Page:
For more information:
For more information, contact Dümmen Orange at Info.NA@DummenOrange.com or (614) 850-9551.
Congratulations are in order for recently graduated Horticulture major Gray Simpson, one of two students selected nationally as a 2017 American Society for Horticultural Science “Scholar.” The ASHS Scholars Award was established by the ASHS Board of Directors for the purpose of recognizing and supporting scholastic achievement and to encourage career development in horticultural science at the undergraduate level. The award comes with a scholarship. Gray is currently in Costa Rica working as a sustainable agriculture program leader at the UGA Eco Lodge, San Luis, CR. Outstanding representation Gray!
Jesse Lafian received the ‘2017 Rain Bird Intelligent Use of Water Scholarship’ from the Landscape Architecture Foundation. Jesse Lafian is a senior Horticulture student at the University of Georgia (UGA) and the founder of Reservoir, a startup company that is developing a patent-pending tensiometer that can measure how much water in the soil is available to plants. This technology will help landscapers and farmers conserve water, reduce agro-chemical pollution, and increase profits by improving irrigation management. Jesse has raised $13,500 from grants and built a small-scale laboratory prototype with his mentor Dr. Marc van Iersel, a UGA Horticulture Professor and irrigation-sensor expert. In addition to this scholarship, Jesse has recently won the College of Agriculture and Environmental Sciences ‘Fabricate’ entrepreneur competition as well as the ‘Next Top Entrepreneur’ competition organized by the Terry College of Business. Jesse plans to secure more funding to complete R&D on the tensiometer after his upcoming graduation. Aside from school and work, he enjoys drumming, hiking, and riding his 1980 Kawasaki motorcycle.
Our own industrious colleague, David Berle, associate professor of horticulture and director of the UGArden, has been named the 2017 Service-Learning Practitioner of the Year by the Gulf-South Summit on Service-Learning and Civic Engagement through Higher Education. This award recognizes Berle’s sustained record of engaging students in community-based learning through service-learning projects and courses, as well as his development and leadership of the student-run UGArden, and his role in supporting the institutionalization of service-learning at UGA. Berle was recognized with a plaque and cash award at the Summit in Greensboro, NC in March. If you are visiting campus for graduation or campus orientation visits, stop by the UGArden to see the amazing things happening there. 2500 South Milledge Ave, Athens, GA. just past the State Botanical Gardens of Georgia.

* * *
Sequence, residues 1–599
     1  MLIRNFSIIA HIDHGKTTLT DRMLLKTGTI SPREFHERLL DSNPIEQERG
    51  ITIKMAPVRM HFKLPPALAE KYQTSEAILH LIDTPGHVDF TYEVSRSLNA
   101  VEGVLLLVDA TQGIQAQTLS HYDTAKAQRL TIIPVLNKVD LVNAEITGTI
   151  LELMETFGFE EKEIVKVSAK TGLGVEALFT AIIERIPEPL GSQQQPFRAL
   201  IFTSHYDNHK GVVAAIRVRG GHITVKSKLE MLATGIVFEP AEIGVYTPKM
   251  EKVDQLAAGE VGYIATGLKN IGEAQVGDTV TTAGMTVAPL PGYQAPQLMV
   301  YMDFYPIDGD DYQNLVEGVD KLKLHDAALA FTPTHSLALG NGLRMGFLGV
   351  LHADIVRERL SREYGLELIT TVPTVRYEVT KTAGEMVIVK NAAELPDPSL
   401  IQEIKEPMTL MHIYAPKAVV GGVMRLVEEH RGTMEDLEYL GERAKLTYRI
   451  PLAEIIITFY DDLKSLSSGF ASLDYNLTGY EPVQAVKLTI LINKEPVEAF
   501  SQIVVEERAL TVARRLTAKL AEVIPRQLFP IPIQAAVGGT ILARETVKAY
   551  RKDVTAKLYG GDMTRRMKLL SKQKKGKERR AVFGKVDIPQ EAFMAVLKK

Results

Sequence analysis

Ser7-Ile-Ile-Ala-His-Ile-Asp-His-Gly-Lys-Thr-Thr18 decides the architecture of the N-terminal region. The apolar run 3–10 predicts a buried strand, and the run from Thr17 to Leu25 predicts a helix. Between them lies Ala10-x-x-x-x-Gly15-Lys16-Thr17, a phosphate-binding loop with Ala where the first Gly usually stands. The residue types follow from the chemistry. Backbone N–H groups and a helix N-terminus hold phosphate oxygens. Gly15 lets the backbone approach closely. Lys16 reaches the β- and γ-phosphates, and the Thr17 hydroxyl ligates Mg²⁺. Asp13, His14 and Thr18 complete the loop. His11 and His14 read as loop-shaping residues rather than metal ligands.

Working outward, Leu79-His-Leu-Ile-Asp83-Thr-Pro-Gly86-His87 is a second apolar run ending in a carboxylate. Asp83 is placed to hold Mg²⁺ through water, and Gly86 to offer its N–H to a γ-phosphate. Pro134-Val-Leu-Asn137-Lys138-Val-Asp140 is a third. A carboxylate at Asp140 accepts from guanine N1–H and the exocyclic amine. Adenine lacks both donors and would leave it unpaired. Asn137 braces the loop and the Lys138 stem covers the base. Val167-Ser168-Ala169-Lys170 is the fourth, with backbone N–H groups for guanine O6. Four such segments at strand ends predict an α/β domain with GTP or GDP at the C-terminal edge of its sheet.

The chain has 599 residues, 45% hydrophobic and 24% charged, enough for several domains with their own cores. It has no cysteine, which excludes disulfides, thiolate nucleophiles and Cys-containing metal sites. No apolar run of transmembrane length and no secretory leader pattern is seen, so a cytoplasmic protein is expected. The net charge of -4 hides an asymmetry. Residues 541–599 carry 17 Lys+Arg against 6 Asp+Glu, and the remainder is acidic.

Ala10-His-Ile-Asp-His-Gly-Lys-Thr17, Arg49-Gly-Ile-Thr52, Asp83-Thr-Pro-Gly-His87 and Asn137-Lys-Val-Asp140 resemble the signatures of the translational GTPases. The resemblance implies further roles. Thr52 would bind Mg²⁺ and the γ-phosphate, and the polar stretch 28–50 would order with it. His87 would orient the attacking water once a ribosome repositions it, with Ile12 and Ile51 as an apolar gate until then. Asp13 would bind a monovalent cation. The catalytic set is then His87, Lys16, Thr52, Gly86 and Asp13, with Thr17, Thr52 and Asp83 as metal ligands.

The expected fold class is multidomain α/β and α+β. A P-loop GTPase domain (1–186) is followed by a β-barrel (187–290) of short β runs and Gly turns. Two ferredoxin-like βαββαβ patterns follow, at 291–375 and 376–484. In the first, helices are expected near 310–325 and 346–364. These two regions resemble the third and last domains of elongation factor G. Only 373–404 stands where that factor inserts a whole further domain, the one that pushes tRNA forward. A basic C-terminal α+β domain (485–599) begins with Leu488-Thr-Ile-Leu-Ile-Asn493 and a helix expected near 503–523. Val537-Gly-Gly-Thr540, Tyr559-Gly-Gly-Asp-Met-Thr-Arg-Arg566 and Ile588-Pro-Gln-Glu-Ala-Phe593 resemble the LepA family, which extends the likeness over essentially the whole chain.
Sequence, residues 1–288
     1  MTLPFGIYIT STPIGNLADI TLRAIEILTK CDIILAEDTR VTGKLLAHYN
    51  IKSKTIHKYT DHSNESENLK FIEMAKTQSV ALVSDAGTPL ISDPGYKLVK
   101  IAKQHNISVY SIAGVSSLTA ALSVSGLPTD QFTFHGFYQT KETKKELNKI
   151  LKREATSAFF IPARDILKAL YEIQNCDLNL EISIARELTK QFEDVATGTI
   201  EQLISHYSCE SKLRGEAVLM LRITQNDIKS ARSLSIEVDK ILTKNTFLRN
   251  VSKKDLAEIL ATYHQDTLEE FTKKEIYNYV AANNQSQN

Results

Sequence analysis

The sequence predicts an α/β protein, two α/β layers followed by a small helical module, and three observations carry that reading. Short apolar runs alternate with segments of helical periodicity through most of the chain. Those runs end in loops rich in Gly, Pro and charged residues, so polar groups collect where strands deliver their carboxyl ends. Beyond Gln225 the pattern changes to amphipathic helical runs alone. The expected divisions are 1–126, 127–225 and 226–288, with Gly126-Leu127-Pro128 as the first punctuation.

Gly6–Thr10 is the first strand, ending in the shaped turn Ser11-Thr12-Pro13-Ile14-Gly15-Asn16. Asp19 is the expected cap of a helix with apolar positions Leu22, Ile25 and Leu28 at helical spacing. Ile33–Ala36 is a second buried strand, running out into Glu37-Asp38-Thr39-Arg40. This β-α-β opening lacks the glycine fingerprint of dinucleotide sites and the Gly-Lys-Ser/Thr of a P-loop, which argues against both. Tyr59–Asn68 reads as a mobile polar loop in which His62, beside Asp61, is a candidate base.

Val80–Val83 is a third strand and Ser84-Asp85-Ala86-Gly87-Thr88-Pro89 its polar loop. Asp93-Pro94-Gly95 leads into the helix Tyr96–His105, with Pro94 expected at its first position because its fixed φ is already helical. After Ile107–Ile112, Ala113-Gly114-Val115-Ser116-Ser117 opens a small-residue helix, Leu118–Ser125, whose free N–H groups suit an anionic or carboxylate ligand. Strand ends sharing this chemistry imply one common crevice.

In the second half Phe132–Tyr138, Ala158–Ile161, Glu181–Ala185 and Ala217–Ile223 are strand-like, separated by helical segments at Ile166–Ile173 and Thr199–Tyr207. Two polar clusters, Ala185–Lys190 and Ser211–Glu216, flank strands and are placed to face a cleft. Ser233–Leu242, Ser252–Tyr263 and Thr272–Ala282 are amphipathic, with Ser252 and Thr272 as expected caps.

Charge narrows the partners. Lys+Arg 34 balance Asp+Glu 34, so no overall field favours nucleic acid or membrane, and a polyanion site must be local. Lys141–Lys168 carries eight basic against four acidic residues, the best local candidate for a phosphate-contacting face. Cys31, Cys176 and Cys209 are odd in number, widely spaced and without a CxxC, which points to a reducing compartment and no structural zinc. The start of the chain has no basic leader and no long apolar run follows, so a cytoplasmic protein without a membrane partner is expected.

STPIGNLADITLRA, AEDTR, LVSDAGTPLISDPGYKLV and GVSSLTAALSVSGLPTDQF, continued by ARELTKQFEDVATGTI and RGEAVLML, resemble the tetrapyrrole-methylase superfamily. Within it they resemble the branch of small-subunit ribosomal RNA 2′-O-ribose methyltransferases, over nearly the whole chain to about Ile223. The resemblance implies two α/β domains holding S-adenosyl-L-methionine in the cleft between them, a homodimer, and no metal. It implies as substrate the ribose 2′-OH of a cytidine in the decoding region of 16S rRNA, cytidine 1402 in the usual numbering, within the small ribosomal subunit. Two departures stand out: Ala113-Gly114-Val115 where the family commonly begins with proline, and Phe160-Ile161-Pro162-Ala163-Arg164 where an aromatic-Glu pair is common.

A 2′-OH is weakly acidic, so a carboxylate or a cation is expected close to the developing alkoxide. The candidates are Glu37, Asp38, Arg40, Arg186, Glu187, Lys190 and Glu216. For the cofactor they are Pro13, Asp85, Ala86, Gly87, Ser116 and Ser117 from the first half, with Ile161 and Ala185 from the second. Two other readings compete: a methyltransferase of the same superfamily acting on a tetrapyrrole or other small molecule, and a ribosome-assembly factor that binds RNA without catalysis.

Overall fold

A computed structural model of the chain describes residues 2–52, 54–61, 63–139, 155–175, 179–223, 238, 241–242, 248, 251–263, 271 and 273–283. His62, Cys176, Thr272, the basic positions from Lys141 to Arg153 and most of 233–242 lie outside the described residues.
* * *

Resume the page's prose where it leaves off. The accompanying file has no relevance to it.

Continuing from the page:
Photo: David Berle (R) accepting the award from Gulf-South Summit awards chair Kristin Harper.(L).
Shuyang, collecting data in the greenhouse
PhD student Shuyang Zhen’s research on the effects of far-red light on photosynthetic efficiency is highlighted on the website of the International Society for Horticultural Science. Shuyang presented some of her research on this topic at the 2016 ISHS lighting symposium in East Lansing, MI, where she won the student competition. Her work has shown that plants can use light from LEDs more efficiently if the light is supplemented with far-red light and has important practical applications for the design of grow lights. She works in the horticultural physiology lab under the guidance of Dr. Marc van Iersel. Great work done by a great student!
UGA College of Agricultural and Environmental Sciences Associate Dean for Academic Affairs Joe Broder congratulates fourth-year horticulture student Jesse Lafian, whose smart irrigation business, Reservoir, won the grand prize in CAES’s inaugural FABricate entrepreneurship competition.
Jesse Lafian, a senior undergraduate in the horticulture department, won the UGA College of Agricultural and Environmental Sciences’ Fabricate entrepreneurship competition. Jesse has been working a novel type of soil moisture sensor that can help farmers and landscapers track the irrigation needs of their plants. The ultimate goal is to integrate the soil moisture sensor with an irrigation controller, so that plants can be irrigated automatically when needed. He plans to bring this product to market through his company Reservoir, LLC.
Dr. Marc van Iersel has served as one of Jesse’s mentor and the horticultural physiology lab has helped him with testing prototypes of the irrigation controller.
Great job, Jesse!
For the full story, see this link.